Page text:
July 14, 2019


As Rod Dreher writes, “every once in a while a piece of journalism will appear that seems custom-made for this blog. In the case of New York Times columnist Farhad Manjoo’s latest bit, in which he calls for the abolition of gendered language. Mind you, Manoo is not a columnist for the Oberlin student daily, but the most influential newspaper in the world. He says he’s a normal suburban dad, and doesn’t mind if you call him “he.” However:

But “he” is not what you should call me. If we lived in a just, rational, inclusive universe — one in which we were not all so irredeemably obsessed by the particulars of the parts dangling between our fellow humans’ legs, nor the ridiculous expectations signified by those parts about how we should act and speak and dress and feel — there would be no requirement for you to have to assume my gender just to refer to me in the common tongue.

Right. We’re the ones who are “irredeemably obsessed” with genitalia, not the progressives who can’t stop talking about it.

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Damon Linker has a great piece about how out-in-left-field-over-the-wall-into-the-bleachers-and-halfway-to-Albuquerque liberals have become on gender in just two shakes of RuPaul’s tail. Linker points out that Manjoo is not going out on any kind of limb here. This kind of gender radicalism is now part of everyday discourse in pop culture, advertising, media discourse, and in the catechisms generated by corporate HR departments. Here’s the most interesting part:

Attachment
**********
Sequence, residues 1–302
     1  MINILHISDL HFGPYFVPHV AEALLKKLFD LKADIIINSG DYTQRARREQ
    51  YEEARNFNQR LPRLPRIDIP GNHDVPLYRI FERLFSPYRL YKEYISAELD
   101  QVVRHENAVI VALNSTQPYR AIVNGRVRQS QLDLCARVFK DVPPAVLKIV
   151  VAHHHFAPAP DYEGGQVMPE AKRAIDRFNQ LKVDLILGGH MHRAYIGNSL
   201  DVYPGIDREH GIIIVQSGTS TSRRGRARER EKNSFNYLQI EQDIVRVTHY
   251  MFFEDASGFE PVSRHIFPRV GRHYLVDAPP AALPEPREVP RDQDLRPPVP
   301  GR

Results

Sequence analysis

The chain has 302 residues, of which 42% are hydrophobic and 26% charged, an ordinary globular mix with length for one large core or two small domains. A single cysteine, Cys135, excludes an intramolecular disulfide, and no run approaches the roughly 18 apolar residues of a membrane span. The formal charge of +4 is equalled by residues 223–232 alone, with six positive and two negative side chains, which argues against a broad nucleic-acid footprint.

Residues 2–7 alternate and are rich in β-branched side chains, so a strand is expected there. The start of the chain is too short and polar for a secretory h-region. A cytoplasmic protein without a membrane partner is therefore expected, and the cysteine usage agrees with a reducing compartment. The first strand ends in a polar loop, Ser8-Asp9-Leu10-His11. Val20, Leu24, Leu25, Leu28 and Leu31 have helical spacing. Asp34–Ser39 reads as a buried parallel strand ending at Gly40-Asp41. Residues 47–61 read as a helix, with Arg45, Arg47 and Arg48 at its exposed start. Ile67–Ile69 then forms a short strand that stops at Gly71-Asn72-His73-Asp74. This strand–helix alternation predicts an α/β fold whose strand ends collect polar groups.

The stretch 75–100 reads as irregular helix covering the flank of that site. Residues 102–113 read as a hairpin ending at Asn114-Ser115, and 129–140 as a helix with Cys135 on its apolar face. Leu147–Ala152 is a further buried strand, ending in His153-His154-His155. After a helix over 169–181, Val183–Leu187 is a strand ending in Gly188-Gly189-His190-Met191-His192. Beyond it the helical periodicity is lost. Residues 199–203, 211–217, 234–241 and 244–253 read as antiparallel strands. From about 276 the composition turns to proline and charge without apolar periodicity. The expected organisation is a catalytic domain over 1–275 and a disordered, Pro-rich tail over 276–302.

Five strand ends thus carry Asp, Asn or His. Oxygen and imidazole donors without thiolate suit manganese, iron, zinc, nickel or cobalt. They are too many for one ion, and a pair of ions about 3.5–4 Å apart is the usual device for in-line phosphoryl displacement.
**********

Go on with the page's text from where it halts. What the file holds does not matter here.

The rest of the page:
The first thing to be said about these convictions is that, apart from a miniscule number of transgender activists and postmodern theorists and scholars, no one would have affirmed any of them as recently as four years ago. There is almost no chance at all that the Farhad Manjoo of 2009 sat around pondering and lamenting the oppressiveness of his peers referring to “him” as “he.” That’s because (as far as I know) Manjoo is a man, with XY chromosomes, male reproductive organs, and typically male hormone levels, and a mere decade ago referring to such a person as “he” was considered to be merely descriptive of a rather mundane aspect of reality. His freedom was not infringed, or implicated, in any way by this convention. It wouldn’t have occurred to him to think or feel otherwise. Freedom was something else and about other things.

The emergence and spread of the contrary idea — that “gender is a ubiquitous prison of the mind” — can be traced to a precise point in time: the six months following the Supreme Court’s Obergefell decision, which declared same-sex marriage a constitutional right. Almost immediately after that decision was handed down, progressive activists took up the cause of championing transgender rights as the next front in the culture war — and here we are, just four short years later, born free but everywhere in chains.

Read the whole thing, and then check out Neo on “Language and politics: getting used to the newest Newspeak.”

It’s here that I would add the usual “All the Democrats have to do is not be crazy, and they can’t even do that” Insta-rejoinder. But what if they do win next year? They’re going to want to start implementing the material they’re previewing right now, and give it to voters good and hard, and Mencken would say. Après Trump, le déluge.

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